I am generally not a nervous passenger when it comes to flying, in part no doubt because other than some hefty turbulence, luckily not a lot unsettling has happened to me. (It is probably stating the obvious, but as well as the keyboard I am touching wood as I type this.) This is extremely fortunate given that I have been on well over 500 flights. But there was one especially nervous exception to this situation, which occurred because I wasn’t in an aeroplane at all. I was in a helicopter.

It was in September 1990. I was being picked up from a golf tournament outside Paris to fly to Orly Airport, from there to fly to Marseille. I was doing this with the late Seve Ballesteros, who was the raison d’être for the whole gig (people do not routinely lay on transport just for my benefit), because we were going to look at a golf course, Pont Royal, that he was designing in the South of France.

Never again (I hope!)

Never again for me (I so hope!)

I was fine about getting into the helicopter, a state of serenity which lasted about 10 seconds beyond getting airborne. “Look at the view,” the pilot said, gesturing at the distant Parisian skyline which was easily in sight given that the bloody thing seemed to be made of nothing but glass. I may have kept my eyes closed pretty much the entire journey, which took under 10 minutes and seemed to last about 10 hours. It was hell not on earth. I was horribly aware of how non-aerodynamic it was; at least a plane could glide for a while if there were engine problems. Not having wings, this felt like you were flying a stone. The word ‘plummet’ came rapidly to mind. If it had been invented by that stage, I’d have preferred to take my chances on a broomstick for a game of quidditch.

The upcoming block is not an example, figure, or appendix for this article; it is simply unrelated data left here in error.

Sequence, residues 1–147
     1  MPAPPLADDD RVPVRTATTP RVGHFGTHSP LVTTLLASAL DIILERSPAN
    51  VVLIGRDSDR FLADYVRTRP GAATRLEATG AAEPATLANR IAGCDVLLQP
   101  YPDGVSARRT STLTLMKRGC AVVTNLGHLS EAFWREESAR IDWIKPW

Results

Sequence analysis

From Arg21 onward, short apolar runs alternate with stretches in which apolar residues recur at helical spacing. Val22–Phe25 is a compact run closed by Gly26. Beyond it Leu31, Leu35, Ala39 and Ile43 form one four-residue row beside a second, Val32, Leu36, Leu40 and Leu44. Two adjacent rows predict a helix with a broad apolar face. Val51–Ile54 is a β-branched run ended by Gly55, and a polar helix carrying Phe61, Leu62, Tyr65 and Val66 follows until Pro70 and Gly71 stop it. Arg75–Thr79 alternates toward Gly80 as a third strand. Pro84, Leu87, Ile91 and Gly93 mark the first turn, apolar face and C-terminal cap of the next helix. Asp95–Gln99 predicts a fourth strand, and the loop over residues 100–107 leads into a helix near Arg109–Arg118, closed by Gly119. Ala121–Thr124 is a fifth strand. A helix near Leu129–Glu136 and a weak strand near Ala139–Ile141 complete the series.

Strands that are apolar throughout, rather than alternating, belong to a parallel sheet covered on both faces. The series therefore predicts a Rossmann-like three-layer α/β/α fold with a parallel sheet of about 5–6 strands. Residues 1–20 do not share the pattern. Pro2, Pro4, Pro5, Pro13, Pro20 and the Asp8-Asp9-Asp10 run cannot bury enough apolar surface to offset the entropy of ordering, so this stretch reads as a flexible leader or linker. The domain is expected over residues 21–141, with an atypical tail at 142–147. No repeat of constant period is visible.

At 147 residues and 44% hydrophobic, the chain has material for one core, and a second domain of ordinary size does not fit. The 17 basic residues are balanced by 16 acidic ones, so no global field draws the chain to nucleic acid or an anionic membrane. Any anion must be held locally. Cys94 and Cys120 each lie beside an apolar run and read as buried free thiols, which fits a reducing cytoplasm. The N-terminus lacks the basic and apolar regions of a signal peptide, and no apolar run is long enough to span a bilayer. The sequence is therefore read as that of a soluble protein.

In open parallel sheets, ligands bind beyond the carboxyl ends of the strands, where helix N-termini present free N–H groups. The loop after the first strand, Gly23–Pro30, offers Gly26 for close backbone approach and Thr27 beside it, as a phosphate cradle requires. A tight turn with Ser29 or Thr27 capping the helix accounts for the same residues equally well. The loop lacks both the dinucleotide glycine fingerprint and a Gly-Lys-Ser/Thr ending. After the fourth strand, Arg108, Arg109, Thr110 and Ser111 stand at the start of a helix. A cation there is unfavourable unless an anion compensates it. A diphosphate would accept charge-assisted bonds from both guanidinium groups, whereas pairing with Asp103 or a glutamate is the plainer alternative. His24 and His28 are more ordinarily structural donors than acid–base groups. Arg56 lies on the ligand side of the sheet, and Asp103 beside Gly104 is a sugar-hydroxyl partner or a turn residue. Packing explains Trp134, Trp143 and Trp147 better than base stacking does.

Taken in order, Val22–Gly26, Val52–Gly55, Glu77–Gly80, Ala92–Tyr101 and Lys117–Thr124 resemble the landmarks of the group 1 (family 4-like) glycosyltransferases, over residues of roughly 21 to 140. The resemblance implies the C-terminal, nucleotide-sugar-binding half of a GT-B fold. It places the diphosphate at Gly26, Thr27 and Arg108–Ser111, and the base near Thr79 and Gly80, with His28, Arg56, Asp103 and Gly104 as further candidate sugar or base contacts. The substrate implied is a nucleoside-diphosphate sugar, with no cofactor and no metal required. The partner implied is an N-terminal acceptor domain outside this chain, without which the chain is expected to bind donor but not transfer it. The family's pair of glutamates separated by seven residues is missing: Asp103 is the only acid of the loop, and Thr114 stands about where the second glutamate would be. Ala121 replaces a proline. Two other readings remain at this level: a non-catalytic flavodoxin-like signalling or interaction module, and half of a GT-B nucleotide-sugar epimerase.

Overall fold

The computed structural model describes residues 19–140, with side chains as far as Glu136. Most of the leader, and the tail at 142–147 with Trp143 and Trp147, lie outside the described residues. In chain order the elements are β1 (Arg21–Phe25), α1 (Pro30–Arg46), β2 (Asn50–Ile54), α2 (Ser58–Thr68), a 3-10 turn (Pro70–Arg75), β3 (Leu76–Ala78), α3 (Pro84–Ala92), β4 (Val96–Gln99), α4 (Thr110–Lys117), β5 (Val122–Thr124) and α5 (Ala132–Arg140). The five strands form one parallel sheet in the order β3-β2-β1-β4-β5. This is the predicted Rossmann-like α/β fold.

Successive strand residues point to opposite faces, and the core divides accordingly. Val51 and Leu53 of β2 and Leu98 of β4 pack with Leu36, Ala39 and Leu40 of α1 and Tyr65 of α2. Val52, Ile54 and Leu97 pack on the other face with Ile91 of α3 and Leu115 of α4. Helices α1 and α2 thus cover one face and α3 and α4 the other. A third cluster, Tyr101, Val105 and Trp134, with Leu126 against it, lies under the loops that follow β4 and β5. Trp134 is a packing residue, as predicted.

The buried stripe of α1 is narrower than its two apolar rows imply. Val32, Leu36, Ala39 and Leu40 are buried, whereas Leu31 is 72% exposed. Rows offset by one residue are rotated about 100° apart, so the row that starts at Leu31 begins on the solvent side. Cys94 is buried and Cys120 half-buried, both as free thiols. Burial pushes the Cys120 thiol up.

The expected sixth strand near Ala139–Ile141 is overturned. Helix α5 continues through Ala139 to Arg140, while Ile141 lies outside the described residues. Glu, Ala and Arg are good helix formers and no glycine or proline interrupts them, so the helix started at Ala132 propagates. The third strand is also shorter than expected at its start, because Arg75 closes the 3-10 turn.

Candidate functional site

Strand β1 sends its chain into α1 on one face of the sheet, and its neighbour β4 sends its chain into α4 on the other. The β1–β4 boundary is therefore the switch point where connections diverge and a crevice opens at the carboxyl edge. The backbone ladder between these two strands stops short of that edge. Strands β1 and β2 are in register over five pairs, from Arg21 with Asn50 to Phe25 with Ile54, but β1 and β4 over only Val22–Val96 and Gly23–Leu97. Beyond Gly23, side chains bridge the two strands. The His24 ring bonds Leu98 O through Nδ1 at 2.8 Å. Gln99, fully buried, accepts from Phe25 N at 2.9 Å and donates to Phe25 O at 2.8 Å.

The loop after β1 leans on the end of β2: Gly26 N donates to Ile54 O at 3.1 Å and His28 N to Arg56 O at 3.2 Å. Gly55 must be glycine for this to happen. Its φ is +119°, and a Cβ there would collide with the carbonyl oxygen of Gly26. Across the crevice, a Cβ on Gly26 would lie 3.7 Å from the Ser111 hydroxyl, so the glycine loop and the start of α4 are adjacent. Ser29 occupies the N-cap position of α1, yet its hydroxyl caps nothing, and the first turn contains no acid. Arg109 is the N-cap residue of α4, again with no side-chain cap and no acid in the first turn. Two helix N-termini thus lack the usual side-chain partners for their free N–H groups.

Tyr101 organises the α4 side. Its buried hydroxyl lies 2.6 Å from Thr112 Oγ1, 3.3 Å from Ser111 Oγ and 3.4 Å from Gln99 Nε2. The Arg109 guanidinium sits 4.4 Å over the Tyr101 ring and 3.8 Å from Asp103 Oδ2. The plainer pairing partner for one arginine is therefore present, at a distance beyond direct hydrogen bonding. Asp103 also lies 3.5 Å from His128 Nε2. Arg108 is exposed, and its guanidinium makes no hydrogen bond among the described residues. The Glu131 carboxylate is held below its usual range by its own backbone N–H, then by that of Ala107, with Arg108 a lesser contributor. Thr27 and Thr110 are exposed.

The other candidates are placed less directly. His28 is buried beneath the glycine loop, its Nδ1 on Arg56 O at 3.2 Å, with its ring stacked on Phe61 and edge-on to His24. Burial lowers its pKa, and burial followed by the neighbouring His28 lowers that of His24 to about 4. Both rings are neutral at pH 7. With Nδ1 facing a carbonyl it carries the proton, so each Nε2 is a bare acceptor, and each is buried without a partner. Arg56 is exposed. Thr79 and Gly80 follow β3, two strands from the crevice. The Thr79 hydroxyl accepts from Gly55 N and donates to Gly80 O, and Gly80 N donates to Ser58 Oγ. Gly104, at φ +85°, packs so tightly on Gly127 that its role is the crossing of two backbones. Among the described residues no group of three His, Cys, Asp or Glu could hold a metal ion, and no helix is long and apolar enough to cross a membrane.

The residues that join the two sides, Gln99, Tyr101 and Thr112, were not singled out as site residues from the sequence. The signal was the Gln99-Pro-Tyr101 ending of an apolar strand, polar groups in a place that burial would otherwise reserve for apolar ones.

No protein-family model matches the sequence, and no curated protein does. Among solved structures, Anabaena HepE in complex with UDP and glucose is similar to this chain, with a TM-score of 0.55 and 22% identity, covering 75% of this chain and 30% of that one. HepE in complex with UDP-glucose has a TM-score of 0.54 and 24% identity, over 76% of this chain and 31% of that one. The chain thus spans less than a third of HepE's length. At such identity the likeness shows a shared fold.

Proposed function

Eventually the ordeal was over. We got out of the helicopter and, for our journey on to Marseille, into a Lear Jet. Much more like it! I think I may at that point have had a glass of wine. Actually, when I say the ordeal was over, it wasn’t. We were driven by car from Marignane Airport to the site of the golf course, where I overheard the project manager telling Seve that there’d be a helicopter back to Marseille for the return leg. You could say that preyed on my mind a bit. When he told us the next day that there was some problem and we’d have to go back by car, it was one of the most blissfully relieved moments I can recall.